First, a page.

Nest-this gadget lets you control your heat from an app on your phone. Perfect for the techie in your life and great for lowering the heat when you are away and presetting the heat so that the house is warm when you return: https://nest.com

Crank radio: http://www.rei.com/product/836243/eton-frx3-radio

Give the gift of time for an Energy Home Audit. In most cases, it takes under two hours. Every state offers them. Here is one in MA: http://www.masssave.com

LED lights! Simple but so important. There are new options out there that will illuminate and are esthetic. Here are few resources: http://reviews.cnet.com/light-bulb/buying-guide/ and http://www.digikey.com/us/en/techzone/lighting/resources/articles/LED-Luminaire-Design-Guide.html

IPhone/pad solar charger by Novothink (most highly rated): http://www.amazon.com/Novothink-NT02-BLK-Surge-Hybrid-Charger/dp/B002S53DIQ

Remote controls for your water heaters, lights, appliances: http://www.insteon.com/handheld-remotes.html

LL Baan solar charging “Adventure Kit” powers all of your held hand devices: http://www.llbean.com/llb/shop/78123?productId=1289723&qs=3016887_mercent_google_pla&attrValue_0=Black&mr:trackingCode=256AD896-B0F0-E211-A497-90E2BA285E75&mr:referralID=NA&mr:device=c&mr:adType=pla&mkwid=RCOkqXVq_dc&pcrid=30047741097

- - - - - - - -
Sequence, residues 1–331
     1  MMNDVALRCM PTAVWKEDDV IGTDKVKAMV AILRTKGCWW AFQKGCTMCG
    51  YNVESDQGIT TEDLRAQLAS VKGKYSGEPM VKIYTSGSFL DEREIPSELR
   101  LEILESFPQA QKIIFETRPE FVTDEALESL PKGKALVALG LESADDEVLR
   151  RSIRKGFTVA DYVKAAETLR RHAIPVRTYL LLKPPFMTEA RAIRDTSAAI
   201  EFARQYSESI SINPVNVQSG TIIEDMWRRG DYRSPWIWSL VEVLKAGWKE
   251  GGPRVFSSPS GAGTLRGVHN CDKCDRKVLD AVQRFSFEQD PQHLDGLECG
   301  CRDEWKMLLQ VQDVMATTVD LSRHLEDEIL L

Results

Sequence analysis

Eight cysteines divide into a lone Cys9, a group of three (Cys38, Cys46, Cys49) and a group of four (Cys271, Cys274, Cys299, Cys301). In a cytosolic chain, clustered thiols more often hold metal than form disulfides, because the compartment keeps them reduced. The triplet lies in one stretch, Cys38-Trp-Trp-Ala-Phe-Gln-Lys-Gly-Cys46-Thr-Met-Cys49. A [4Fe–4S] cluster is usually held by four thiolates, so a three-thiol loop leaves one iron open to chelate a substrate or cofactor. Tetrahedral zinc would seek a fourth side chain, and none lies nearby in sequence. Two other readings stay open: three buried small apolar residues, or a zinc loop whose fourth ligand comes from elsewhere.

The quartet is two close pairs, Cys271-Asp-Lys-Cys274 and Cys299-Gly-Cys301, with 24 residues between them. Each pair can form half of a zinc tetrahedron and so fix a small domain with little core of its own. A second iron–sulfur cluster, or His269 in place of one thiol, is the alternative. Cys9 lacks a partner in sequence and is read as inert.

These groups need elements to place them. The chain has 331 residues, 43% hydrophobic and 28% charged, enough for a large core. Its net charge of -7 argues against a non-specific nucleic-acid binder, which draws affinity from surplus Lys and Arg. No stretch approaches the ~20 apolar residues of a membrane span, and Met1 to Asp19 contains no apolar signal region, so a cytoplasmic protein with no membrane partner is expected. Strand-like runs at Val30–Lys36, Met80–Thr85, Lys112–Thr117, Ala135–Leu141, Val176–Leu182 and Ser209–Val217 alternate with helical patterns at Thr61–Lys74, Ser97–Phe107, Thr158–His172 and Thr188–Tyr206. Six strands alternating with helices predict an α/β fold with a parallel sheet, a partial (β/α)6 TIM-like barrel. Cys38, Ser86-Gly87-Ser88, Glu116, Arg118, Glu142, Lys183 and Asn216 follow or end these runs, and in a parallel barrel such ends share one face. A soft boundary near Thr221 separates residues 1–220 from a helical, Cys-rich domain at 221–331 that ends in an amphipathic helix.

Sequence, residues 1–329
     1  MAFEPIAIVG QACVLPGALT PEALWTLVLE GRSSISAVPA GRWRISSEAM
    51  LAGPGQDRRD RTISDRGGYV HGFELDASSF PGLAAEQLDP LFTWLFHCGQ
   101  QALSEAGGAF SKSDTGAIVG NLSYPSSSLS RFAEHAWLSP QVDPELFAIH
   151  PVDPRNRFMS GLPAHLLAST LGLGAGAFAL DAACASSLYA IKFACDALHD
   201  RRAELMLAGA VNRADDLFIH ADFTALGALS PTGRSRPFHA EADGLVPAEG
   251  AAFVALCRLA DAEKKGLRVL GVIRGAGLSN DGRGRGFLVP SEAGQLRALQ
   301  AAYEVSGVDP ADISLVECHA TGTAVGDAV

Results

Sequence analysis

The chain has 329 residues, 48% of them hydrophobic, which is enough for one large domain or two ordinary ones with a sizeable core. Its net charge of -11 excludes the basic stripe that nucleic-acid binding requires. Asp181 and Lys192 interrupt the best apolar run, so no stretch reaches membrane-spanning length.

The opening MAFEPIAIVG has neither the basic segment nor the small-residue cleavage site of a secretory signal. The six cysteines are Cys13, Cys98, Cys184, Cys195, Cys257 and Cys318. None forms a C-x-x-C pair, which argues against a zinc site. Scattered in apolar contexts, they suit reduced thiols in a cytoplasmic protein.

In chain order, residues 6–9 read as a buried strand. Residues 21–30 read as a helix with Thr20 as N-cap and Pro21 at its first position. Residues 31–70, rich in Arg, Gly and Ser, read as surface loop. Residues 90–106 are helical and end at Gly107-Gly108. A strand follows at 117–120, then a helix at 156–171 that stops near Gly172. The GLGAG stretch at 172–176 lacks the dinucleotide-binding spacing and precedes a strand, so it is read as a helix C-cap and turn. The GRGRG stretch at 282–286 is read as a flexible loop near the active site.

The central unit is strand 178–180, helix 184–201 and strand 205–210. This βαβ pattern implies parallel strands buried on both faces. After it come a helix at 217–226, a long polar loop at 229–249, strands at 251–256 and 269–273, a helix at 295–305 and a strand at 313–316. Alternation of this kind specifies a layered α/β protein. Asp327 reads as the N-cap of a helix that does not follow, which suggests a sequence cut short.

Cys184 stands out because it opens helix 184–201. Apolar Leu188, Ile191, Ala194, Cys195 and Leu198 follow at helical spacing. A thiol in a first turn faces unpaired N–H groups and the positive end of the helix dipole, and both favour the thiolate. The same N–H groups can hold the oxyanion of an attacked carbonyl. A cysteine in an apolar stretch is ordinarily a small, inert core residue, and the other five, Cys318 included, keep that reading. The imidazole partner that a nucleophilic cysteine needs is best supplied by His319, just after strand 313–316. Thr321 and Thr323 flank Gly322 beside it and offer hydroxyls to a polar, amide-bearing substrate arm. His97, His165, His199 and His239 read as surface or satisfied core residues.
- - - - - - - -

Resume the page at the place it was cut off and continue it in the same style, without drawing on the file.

Shrimp seems like the perfect holiday cocktail party and buffet table staple-decadent, but low in calories and perfect along side a glass of celebratory champagne.  Shrimp is one of the most consumed seafood products in the world and folks enjoy it without too much thought of how catching it harms our oceans.  When you learn the facts, you may never look at shrimp the same way again…and we hope you make other choices like oysters, mussels and clams, (which as filter feeders, are great for our oceans and for you) the new staples of your holiday indulgences.  Lobsters and crabs, caught in pots, are also ocean friendly and delicious alternatives to shrimp.

Photo courtesy of National Geographic

Photo courtesy of National Geographic